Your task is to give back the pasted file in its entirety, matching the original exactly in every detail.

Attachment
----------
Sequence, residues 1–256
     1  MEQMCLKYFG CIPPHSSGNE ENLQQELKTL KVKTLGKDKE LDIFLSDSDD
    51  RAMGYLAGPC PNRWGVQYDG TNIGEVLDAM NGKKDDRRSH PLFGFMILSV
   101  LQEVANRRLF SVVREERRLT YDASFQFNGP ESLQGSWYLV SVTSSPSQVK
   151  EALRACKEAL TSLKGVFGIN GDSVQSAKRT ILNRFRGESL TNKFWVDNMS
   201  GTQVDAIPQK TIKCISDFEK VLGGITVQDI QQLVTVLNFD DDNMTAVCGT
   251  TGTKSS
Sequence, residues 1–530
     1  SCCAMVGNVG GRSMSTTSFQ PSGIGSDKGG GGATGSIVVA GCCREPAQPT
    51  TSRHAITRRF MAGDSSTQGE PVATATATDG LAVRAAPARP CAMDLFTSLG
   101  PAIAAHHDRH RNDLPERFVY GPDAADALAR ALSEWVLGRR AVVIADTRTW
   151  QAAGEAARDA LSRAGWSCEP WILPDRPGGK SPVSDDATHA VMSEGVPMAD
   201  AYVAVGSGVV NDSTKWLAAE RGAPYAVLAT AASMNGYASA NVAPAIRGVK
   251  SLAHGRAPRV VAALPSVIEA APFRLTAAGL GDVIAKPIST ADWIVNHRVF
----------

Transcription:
Sequence, residues 1–256
     1  MEQMCLKYFG CIPPHSSGNE ENLQQELKTL KVKTLGKDKE LDIFLSDSDD
    51  RAMGYLAGPC PNRWGVQYDG TNIGEVLDAM NGKKDDRRSH PLFGFMILSV
   101  LQEVANRRLF SVVREERRLT YDASFQFNGP ESLQGSWYLV SVTSSPSQVK
   151  EALRACKEAL TSLKGVFGIN GDSVQSAKRT ILNRFRGESL TNKFWVDNMS
   201  GTQVDAIPQK TIKCISDFEK VLGGITVQDI QQLVTVLNFD DDNMTAVCGT
   251  TGTKSS
Sequence, residues 1–530
     1  SCCAMVGNVG GRSMSTTSFQ PSGIGSDKGG GGATGSIVVA GCCREPAQPT
    51  TSRHAITRRF MAGDSSTQGE PVATATATDG LAVRAAPARP CAMDLFTSLG
   101  PAIAAHHDRH RNDLPERFVY GPDAADALAR ALSEWVLGRR AVVIADTRTW
   151  QAAGEAARDA LSRAGWSCEP WILPDRPGGK SPVSDDATHA VMSEGVPMAD
   201  AYVAVGSGVV NDSTKWLAAE RGAPYAVLAT AASMNGYASA NVAPAIRGVK
   251  SLAHGRAPRV VAALPSVIEA APFRLTAAGL GDVIAKPIST ADWIVNHRVF